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Empowering Women and Girls

By Dan Murray, CEO and President

This is the third entry in my efforts to journal my experience as I climb the learning curve in my new role as CEO of Opportunity International Canada – a journey of listening and learning. 

It goes almost without saying that we must never lose sight of our clients – the people we hope to see freed from a life of grinding and soul-killing poverty. I have met a few clients in the field and have read the stories of many more, and am struck by the realization our work is about far more than a job. It is helping our clients to transform - to grow in confidence and skill to emerge as leaders who provide for their families and create opportunities for their neighbours. 

And most of these clients are women. 

Although Opportunity International Canada serves the poor without discrimination on the basis of creed, race or gender, the majority of loans since its founding have been to women. Since I’m writing around the time of International Women’s Day 2019, where the theme is #BalanceForBetter, I thought I would dig a little to learn more about why it is that most of Opportunity Iinternational Canada’s clients are women.

Women and girls make up a disproportionate number of the poor and marginalized. Through conflict, dislocation and systemic cultural gender discrimination, girls are often held back from education, and women are frequently blocked from leadership and economic engagement. 

Since our mission is to help eliminate poverty through financial inclusion, with women and girls being the most excluded and in need, our mission will be accelerated with a focus on women and girls. 

But it turns out that this is not the whole story.  The Opportunity International experience over the decades has been that women are generally better at investing their earnings back into their families, businesses and communities. My colleague, Meredith Scott, the CEO of Opportunity International Australia, recounted a story of a recent meeting with a group of microentrepreneurs in India.  When asked what they had done with the first profits from their new business, two hands went up - a man and a woman. The man had bought a motorbike and the women had saved it for her kids’ education. 

Although we laughed at the almost stereotypical responses, it has proven true over the years that poor women, when given the opportunity to run a microenterprise, will more frequently reinvest the profits to the benefit of her family and business. In very practical terms, this results in dirt floors becoming concrete floors, families eating more nutritious meals, leaky tin roofs replaced by waterproof roofs, toilets installed, and tuition provided for children’s education.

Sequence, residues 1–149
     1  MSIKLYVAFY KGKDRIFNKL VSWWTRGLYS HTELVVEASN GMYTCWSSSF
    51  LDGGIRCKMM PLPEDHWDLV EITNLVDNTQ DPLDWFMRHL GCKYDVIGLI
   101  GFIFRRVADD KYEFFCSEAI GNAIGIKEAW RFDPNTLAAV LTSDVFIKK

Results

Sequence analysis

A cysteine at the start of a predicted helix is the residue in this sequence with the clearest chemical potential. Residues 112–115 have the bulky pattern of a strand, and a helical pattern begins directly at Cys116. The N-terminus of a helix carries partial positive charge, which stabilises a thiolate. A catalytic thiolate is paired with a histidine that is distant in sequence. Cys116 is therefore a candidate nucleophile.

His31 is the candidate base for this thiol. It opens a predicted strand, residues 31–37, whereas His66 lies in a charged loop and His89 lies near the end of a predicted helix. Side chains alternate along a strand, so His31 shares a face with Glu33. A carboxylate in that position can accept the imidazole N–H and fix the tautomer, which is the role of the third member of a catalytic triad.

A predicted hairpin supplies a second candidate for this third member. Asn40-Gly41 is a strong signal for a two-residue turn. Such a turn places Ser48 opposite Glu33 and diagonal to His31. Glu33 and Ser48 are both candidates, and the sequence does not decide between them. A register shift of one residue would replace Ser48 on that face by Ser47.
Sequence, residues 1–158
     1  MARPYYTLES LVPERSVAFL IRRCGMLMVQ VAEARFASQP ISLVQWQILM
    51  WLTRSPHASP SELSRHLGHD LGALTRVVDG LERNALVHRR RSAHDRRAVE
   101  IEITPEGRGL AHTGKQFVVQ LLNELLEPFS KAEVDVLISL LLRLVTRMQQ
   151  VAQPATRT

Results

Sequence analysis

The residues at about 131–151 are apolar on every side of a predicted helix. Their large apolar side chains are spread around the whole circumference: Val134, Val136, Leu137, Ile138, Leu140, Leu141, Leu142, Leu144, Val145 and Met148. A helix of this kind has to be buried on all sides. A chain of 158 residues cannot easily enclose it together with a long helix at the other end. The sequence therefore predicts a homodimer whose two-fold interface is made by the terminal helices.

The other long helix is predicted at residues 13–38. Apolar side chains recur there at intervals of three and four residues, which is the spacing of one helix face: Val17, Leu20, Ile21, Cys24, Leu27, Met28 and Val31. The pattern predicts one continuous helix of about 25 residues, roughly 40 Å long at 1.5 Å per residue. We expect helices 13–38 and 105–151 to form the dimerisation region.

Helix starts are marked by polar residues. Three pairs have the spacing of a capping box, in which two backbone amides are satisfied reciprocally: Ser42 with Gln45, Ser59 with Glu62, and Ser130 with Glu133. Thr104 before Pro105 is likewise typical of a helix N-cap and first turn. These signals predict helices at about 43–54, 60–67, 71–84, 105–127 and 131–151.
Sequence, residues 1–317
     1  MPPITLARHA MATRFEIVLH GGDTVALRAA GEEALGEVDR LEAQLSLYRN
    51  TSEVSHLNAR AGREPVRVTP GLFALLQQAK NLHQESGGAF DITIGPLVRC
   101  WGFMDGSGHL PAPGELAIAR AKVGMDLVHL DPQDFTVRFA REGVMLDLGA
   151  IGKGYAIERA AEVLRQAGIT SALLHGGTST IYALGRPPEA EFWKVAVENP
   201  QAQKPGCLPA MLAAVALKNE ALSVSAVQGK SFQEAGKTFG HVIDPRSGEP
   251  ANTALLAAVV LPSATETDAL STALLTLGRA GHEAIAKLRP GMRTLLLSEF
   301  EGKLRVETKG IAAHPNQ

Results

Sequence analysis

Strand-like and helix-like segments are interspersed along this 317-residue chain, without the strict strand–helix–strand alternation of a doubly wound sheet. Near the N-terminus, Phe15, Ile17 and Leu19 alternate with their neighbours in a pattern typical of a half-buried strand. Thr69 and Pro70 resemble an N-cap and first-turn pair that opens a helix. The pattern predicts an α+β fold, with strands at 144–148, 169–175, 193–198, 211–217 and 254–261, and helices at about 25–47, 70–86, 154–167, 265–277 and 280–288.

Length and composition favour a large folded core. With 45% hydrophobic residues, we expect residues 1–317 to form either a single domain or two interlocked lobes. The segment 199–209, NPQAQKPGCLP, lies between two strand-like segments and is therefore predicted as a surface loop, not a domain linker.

And speaking of education, I have become much enamoured with Opportunity International’s Education Finance program.  Education for girls is critical to breaking the cycle of repression and poverty. By providing sustainable loans and quality-of-education training to thousands of schools, millions of kids have access to a quality education. Often the loans are used to build gender-separated bathrooms, a key factor in keeping girls in school once they reach puberty. Tuition loans are also available to our microfinance clients so that kids, and especially girls, can stay in school during low income seasons.

Mark Lutz in his powerful book, UnPoverty – Rich Lessons from the Working Poor, tells the story of a meeting he had with a Loan Trust Group in India. These two dozen women meet weekly to learn and support each other in their businesses, as well as to cross-guarantee each other’s loans.

Lutz writes, “These women are squatters living near the lowest rung of the economic ladder… Officially, these women don’t exist.  Unofficially, they are business owners; they are movers and shakers in their town of thousands of similar squatters.”

Lutz recites a heated exchange he observed between Menika, the 25-year old Vice President of the group, and the Loan Officer.  Menika was standing up for a member of the group that couldn’t repay her loan because the cow that she had purchased with the loan had since died. 

Lutz writes: “After the meeting Said tells me the significance of his heated exchange with Menika and how delighted he was with their dialogue. He explained that when this dynamic young woman first came into the office less than two years ago to apply for a loan, she could not look him in the eye. Her poor self-esteem was evident as she gazed at the ground. She was unable to stand erect or raise her head. Now, with the success of her business and the support of her group, she has risen to this position of leadership where she is boldly making demands on behalf of the others.”

I find it incredibly inspiring to observe the confidence, business savvy, and leadership skills of our microenterprise clients, especially the women considering the additional obstacles they face.  I have seen it for myself in the eyes of Four Incredible Women in the Dominican Republic.  And I am equally delighted to be part of an organization that is helping to secure a quality education for millions of kids - both girls and boys. In honour of International Women’s Day, a shout out to Opportunity International Canada's successful female clients - entrepreneurs who are leaders in their communities and doing their part to end poverty. #BalanceForBetter!

The journey continues…



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